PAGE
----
Hirtles Beach Metonymy by Michael Goodfellow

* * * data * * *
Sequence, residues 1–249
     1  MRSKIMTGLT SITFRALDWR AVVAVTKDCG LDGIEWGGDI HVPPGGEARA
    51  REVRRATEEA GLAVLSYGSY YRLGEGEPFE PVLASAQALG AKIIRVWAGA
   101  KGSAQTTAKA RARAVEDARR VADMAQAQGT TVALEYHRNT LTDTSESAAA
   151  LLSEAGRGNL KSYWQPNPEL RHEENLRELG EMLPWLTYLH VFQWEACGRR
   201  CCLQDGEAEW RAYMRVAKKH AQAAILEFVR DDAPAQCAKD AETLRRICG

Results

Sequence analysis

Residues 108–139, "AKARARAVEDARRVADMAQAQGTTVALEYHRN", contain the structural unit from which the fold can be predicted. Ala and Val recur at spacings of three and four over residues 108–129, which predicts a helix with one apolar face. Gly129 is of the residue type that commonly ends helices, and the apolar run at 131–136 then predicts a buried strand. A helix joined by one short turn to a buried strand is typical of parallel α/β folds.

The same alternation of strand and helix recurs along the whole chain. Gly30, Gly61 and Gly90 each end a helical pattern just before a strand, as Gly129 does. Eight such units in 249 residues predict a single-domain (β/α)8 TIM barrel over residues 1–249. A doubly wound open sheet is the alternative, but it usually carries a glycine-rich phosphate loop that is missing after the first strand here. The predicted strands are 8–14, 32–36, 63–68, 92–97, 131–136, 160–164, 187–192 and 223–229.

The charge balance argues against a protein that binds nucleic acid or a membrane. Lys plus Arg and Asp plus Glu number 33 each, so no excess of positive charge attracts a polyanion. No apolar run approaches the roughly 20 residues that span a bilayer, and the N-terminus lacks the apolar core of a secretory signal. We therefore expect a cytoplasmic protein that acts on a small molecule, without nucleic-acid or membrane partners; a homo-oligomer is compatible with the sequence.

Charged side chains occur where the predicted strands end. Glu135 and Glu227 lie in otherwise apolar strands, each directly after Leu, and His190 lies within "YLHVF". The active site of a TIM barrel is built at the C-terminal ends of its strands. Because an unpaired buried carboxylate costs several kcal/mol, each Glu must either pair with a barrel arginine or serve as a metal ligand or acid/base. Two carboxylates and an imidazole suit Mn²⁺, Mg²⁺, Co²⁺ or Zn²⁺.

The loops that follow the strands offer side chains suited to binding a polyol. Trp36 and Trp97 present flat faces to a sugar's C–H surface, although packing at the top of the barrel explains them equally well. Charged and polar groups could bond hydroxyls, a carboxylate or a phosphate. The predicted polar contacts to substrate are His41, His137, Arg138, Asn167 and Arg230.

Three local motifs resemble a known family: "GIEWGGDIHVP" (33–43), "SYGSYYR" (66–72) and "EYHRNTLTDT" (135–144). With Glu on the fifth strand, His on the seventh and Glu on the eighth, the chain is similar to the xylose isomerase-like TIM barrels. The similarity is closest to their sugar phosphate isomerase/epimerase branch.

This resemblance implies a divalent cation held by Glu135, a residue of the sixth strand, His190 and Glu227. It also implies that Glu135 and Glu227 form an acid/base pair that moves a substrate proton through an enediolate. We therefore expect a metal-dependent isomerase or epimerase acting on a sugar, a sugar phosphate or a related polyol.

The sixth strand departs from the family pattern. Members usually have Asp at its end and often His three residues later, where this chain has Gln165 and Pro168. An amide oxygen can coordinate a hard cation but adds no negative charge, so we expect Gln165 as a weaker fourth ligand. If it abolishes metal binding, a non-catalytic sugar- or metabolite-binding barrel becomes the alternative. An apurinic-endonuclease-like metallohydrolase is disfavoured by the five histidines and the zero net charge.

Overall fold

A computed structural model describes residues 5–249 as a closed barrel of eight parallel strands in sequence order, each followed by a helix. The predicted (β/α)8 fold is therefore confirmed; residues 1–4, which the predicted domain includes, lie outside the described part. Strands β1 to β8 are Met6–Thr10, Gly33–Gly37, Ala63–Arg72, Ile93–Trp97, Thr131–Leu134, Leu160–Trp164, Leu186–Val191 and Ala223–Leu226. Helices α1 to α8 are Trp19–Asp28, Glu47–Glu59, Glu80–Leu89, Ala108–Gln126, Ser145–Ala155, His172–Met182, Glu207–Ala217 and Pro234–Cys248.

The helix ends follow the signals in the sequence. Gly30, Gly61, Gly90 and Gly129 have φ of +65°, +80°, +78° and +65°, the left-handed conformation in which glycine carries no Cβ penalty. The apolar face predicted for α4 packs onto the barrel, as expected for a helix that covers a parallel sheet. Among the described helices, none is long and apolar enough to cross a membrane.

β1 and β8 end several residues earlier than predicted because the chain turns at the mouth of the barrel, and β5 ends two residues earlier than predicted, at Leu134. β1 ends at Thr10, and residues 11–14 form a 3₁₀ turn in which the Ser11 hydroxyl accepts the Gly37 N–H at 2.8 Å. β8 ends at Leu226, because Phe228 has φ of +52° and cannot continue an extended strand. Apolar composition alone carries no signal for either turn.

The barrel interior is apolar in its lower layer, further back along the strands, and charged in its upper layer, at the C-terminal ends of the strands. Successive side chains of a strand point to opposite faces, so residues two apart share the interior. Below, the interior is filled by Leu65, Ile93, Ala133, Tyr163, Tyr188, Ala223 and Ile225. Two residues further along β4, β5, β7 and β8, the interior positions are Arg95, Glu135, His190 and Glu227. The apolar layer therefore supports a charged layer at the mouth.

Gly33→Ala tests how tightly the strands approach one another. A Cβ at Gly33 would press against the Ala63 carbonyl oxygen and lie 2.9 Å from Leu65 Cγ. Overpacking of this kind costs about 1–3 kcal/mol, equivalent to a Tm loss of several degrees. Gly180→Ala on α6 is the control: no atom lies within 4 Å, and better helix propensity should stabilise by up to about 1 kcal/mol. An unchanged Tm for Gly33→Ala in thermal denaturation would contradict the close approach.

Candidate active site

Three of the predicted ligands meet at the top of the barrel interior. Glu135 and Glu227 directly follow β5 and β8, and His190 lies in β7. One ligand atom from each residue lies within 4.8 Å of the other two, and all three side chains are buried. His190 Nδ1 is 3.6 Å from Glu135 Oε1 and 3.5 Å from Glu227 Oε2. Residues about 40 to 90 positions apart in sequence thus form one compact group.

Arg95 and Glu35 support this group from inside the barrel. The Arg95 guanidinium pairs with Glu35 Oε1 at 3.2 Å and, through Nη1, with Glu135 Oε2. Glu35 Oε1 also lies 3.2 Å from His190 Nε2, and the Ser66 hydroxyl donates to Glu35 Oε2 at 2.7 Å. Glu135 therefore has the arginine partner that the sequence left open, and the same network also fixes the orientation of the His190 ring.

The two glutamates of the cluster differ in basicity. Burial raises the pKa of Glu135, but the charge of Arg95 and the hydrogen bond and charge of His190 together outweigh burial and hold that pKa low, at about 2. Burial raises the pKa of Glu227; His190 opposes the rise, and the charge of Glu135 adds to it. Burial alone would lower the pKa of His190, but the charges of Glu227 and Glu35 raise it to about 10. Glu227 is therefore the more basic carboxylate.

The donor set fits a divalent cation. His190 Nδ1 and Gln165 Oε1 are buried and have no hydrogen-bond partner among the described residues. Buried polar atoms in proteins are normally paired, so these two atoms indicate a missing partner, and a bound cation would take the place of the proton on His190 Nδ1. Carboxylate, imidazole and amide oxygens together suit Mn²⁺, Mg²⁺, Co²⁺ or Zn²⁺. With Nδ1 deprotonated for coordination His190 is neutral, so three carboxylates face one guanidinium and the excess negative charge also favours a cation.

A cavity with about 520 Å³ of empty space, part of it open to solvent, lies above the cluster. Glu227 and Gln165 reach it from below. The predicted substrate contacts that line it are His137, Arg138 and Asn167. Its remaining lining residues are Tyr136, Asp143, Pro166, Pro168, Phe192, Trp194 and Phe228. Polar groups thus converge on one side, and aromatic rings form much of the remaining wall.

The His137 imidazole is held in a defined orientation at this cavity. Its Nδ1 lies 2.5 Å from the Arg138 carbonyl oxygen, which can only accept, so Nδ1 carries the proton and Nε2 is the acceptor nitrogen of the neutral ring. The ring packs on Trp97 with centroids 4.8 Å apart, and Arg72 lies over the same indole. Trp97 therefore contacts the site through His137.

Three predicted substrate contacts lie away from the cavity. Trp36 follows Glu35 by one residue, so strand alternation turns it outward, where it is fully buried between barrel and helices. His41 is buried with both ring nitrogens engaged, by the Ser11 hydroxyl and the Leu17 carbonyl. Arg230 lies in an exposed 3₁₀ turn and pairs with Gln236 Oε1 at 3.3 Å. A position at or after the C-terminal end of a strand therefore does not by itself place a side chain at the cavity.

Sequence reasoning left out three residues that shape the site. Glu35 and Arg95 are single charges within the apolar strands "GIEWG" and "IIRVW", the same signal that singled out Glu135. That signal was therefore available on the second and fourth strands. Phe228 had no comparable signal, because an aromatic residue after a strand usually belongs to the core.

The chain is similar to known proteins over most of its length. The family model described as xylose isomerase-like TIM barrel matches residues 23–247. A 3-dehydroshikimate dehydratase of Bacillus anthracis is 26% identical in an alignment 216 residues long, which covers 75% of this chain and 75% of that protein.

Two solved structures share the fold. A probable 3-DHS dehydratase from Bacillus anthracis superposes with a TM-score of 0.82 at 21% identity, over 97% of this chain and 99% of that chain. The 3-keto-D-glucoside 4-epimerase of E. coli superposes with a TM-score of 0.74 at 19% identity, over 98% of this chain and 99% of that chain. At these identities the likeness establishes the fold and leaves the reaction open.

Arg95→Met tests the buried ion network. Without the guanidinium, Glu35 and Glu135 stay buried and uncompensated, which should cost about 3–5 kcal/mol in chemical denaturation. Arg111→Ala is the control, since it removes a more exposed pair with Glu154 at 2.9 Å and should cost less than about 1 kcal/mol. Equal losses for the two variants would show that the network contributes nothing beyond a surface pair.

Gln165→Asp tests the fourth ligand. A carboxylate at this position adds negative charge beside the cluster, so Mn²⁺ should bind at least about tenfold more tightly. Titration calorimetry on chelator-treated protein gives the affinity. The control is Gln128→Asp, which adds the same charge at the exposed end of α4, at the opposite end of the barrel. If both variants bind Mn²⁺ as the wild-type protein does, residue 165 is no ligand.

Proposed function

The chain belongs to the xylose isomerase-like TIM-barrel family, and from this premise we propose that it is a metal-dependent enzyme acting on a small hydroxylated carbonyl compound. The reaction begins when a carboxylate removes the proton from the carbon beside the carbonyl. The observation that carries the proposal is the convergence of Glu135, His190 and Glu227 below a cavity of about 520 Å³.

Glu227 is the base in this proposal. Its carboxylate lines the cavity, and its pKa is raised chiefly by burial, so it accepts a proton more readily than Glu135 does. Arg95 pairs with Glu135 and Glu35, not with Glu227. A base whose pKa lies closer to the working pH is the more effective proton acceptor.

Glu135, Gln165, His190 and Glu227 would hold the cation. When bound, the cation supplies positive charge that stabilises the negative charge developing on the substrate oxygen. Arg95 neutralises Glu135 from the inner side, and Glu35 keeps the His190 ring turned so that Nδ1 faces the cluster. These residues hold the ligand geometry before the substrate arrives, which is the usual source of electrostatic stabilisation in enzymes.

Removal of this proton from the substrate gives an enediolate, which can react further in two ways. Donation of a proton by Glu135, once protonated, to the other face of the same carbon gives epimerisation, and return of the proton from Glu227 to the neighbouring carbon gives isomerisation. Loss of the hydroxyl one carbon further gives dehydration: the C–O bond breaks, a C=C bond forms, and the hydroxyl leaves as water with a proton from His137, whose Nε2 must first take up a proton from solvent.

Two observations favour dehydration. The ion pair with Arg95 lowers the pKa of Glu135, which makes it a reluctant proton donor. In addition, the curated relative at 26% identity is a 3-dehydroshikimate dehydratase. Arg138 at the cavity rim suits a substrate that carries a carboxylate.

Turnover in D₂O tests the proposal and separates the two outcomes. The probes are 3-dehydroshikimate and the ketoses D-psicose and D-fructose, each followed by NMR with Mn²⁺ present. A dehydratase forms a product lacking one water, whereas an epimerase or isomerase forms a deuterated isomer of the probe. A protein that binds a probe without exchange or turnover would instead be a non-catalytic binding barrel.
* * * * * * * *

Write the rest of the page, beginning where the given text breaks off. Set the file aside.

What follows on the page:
Poem name: Hirtles Beach Metonymy Poet name: Michael Goodfellow Poem begins: That night with you rock ground to sand  —barrows of dented quartz, pyrite, granite and slate  wave hammered against the torn hill. Their dulling made a beach:  the salt bleached log where we sat,  the marsh that swallowed light,  dune grass where horses grazed,  sea the mouth’s dark of a kiss,  water flush to the sky. The moon rose behind us, an animal   staring out of the brush.  The thick, you called it.  You had other words for things, you tongued them out, letting them shape  in the air, then dampen:  sand the colour of bark,  how night was the green of a burned forest, how years make loss leaf out,   then bloom. There roots still clutch  rocky ground. Silt fills the channel.  Each summer the brackish lagoon drains to its tacky bottom. True or false,  that night you mouthed them all,  turning them over, the names for stones. End of poem.  Credits: Copyright © Michael Goodfellow Forthcoming in Naturalism: An Annotated Bibliography by Michael Goodfellow (Gaspereau Press, Spring 2022).  Michael Goodfellow’s first poetry collection, Naturalism: An Annotated Bibliography is forthcoming from Gaspereau Press this spring. His poems have appeared in Bear Review, The Dalhousie Review, CV2, Prairie Fire, The Nashwaak Review, The Cortland Review, The American Journal of Poetry, Measure Review, Matter, Reliquiae and elsewhere. He lives in Nova Scotia.